La Rosetta


 

Forget about the multi-coloured scene that everyday takes place in the nearby Piazza del Pantheon between gladiators, pedlars selling small reproductions of the Colosseum or flying toys; forget the tourist menus of the restaurants that face the square where waiter-bellowers will try to convince you that "here you eat real Roman food"; open a gap in the ranks of tourist guides, avoiding their umbrellas that trace precise blows like PaqMan Paquiao, and head straight for the road La Rosetta is on.

 

 

Just a few steps down this small alley that preserves all the charm of Rome's historic centre and aside from feeling a million light years away from the chaos you have just endured, you will also come across one of the restaurants that has led the way in Rome's seafood cuisine: La Rosetta.

 

 

Choose where you want to sit, in the relaxing outdoor tables or on fresher and rainy days in the elegant dining hall, and let yourself be guided by the Riccioli family: here every day is a celebration of products, very high quality fish, cooked without sensationalism and with the determination that the ingredients should do the talking instead of the flair of the chef.

La Rosetta is truly a piece of Rome's history, for a long time  setting the standards in luxury and worldliness: it was "The Restaurant" during the First Republic where one would choose to go to drink champagne, eat oysters and keep good public relations; now things have changed, one comes here mainly to enjoy that feeling of peace that the venue gives off, combined with a classical and flavoursome cuisine.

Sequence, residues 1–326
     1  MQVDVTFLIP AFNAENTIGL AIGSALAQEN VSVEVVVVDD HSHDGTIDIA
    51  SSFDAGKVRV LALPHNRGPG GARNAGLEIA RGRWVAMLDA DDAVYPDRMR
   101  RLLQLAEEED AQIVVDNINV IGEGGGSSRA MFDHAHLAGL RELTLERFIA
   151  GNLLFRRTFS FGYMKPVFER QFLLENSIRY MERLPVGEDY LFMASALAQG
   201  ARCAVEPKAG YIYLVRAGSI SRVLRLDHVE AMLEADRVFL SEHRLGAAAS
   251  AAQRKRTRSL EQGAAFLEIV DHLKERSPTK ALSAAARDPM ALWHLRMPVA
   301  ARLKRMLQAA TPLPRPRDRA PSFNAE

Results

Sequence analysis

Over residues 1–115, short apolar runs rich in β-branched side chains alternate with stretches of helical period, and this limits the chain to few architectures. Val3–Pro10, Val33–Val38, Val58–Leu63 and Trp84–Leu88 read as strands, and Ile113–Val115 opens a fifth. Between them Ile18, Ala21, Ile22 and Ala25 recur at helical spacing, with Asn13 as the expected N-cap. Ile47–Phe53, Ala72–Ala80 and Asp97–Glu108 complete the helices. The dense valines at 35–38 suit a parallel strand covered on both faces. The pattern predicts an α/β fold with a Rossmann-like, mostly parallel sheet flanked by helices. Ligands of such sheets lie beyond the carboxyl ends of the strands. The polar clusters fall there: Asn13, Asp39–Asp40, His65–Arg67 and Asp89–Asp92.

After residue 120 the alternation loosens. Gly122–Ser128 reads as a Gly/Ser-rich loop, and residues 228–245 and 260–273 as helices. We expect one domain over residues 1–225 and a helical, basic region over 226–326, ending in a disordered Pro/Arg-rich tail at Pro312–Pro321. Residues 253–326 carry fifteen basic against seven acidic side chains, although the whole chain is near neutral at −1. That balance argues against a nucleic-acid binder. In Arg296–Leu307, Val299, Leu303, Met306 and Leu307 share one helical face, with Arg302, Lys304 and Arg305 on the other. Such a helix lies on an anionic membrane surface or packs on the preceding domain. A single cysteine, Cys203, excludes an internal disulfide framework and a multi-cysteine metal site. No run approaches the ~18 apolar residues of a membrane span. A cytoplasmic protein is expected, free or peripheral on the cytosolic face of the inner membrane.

The moscardini alla diavola, spicy-hot and with a fresh tomato sauce, have the "boasting" language of those seaside trattorie and taste even better accompanied by a piece of toasted bread; the linguine allo scoglio, within the limits of this preparation, have precise and neat flavours despite paying the price for an excessive mantecatura (cooking the pasta in its sauce in the final stage to achieve a creamy consistency); the spelt spaghetti with porcini mushrooms and squid remind one of the bourgeois register of this place and of its past allure.

 

 

A glass of wine chosen from the well assorted cellar represents the perfect combination with a platter of some excellent grilled fish, capable of catapulting La Rosetta straight into a garden with sea views, so much so you will ask yourself: where are the Roman triremes?

 

 

A pudding and a coffee, a slanting ray of sunshine that cuts across the alley and the distant sound of the square packed with tourists will be the farewell homage of this charming part of Rome's restaurant industry, which has managed to keep-up with changing times by achieving a solid, product-based cuisine that is served in an elegant manner, far from the wax museum model.


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